Genes examined

Somatic mutation burden


Baer et al.4/


85% of patients with myeloid neoplasms; 34% in patients with ICUS.

MDS: patients with 82% of genes mutated;
MDS possible: those with 52% mutated;
MDS not visible: those with 38% mutated;
Unclear: those with 30% mutated;
Reactive change: those with 25% mutated.

Papaemmanuil et al.5/


78% (33% harbored cytogenetic abnormalities).

As the number of driver mutations increases, the rate of LFS decreases, which became significant when increasing from 4–5 driver mutations to ≥6 (p < 0.0001). This correlation was also true for IPSS low-risk patients.

Haferlach et al.6/


89.5% (31.4% had abnormal karyotype).

Also found to be important for prognosis. The discriminative power of determining risk (low, intermediate, high, and very high) when using 14 genes alone was comparable to that of the IPSS schema.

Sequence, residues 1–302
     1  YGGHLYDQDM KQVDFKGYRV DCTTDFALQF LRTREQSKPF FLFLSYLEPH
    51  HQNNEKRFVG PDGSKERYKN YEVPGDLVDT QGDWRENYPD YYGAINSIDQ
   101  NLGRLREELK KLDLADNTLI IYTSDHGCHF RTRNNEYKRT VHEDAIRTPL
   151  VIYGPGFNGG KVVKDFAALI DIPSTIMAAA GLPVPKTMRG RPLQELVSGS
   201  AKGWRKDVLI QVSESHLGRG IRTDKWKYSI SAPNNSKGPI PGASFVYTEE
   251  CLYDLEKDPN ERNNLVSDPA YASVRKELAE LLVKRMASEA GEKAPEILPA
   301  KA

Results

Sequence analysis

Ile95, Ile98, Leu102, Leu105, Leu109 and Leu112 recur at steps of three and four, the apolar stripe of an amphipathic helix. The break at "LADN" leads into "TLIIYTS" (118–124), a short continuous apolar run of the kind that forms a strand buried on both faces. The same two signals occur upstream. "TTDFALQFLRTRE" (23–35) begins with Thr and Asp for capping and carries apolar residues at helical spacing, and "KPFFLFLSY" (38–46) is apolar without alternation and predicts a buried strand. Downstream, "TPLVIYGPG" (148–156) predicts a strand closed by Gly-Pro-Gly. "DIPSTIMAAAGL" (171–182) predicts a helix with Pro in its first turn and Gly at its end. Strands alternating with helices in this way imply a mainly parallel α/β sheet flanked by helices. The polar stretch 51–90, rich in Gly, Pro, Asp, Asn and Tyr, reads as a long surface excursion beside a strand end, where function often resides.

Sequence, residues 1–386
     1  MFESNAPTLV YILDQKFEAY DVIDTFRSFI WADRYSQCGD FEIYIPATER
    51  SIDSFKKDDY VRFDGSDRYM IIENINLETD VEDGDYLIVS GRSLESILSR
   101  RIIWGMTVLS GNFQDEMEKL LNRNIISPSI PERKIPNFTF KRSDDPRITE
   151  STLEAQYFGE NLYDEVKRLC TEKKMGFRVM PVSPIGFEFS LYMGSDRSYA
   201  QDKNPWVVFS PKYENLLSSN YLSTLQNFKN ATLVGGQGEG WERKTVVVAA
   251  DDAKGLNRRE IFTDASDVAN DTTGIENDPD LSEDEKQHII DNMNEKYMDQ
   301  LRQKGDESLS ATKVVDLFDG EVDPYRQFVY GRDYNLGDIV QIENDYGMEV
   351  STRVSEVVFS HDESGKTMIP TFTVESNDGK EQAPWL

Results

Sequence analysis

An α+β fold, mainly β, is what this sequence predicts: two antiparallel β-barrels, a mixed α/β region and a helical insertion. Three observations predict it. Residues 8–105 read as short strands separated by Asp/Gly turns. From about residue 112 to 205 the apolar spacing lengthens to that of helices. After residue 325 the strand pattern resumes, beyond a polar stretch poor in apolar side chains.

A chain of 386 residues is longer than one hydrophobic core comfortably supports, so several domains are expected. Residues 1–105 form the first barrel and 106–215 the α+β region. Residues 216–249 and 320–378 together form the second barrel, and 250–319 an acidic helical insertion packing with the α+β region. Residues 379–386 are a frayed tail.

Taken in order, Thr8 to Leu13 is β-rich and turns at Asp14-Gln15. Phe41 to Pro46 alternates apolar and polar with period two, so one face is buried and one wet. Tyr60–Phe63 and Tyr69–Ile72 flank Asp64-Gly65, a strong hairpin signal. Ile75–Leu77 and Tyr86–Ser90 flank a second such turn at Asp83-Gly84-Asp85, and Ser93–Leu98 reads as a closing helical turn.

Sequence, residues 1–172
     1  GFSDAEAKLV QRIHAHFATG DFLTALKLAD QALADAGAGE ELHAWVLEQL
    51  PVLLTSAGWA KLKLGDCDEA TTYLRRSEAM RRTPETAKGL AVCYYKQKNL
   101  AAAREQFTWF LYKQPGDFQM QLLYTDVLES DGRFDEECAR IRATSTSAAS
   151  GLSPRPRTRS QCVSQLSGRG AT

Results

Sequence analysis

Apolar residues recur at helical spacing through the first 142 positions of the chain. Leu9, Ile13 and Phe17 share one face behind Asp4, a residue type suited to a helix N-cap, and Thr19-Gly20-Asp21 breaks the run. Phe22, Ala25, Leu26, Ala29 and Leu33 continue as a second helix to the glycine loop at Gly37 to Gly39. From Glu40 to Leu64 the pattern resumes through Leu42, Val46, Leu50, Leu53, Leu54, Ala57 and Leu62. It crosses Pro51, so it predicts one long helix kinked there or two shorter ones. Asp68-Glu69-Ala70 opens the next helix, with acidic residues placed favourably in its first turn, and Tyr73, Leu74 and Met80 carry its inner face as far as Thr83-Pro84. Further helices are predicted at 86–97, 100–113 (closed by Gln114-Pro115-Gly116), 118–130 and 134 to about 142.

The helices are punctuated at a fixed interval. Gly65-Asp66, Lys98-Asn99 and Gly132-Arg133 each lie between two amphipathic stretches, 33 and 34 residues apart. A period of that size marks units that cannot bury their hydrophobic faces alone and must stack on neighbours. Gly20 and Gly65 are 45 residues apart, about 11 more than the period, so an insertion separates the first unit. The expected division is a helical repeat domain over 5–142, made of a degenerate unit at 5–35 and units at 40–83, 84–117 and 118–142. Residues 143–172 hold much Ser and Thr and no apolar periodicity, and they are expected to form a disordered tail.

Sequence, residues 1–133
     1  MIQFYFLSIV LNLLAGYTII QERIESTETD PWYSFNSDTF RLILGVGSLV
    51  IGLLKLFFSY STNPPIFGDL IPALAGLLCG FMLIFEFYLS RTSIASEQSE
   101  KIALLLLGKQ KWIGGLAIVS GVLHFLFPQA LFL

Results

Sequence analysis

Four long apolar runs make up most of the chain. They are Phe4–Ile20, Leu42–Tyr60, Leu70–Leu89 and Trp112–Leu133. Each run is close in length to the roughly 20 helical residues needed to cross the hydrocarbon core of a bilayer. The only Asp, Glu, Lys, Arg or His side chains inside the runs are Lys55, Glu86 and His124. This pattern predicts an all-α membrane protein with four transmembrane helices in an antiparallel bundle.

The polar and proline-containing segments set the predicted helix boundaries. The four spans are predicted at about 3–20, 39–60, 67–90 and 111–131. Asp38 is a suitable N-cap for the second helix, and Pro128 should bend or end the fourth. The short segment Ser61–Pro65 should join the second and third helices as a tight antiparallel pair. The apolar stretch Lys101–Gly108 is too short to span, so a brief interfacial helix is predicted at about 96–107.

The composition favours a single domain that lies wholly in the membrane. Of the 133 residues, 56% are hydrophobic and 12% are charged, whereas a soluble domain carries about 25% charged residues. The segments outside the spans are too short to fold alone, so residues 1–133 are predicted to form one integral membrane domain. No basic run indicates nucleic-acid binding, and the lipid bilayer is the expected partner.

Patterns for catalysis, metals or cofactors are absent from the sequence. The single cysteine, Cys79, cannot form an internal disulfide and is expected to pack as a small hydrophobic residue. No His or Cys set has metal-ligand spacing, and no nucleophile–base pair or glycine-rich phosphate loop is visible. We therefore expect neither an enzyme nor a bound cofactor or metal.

Malcovati et al.3/


86% of patients with myeloid neoplasms;
39% in patients with ICUS;
21% of patients with other cytopenia.

ICUS, idiopathic cytopenia of unknown significance; IPSS, International Prognostic Scoring System; LFS, leukemia-free survival; MDS, myelodysplastic syndromes.
*Adapted from Haferlach1

Impact of single genes in differential diagnosis

Genes like SF3B1 are known to be important at diagnosis.7 It has been demonstrated that luspatercept treatment led to better independence from red blood cell transfusions in patients with this mutation.7 Furthermore, it has been proposed by Malcovati et al.8 to include a specific subtype of MDS with mutated SF3B1. Haferlach1 shared data from his lab, stating that when correlating the status of SF3B1 mutations with ring sideroblasts, more than 75% of patients with >15% ring sideroblasts had a SF3B1 mutation. Also, one third (33%) of patients with 5–14% ring sideroblasts carried the mutation.1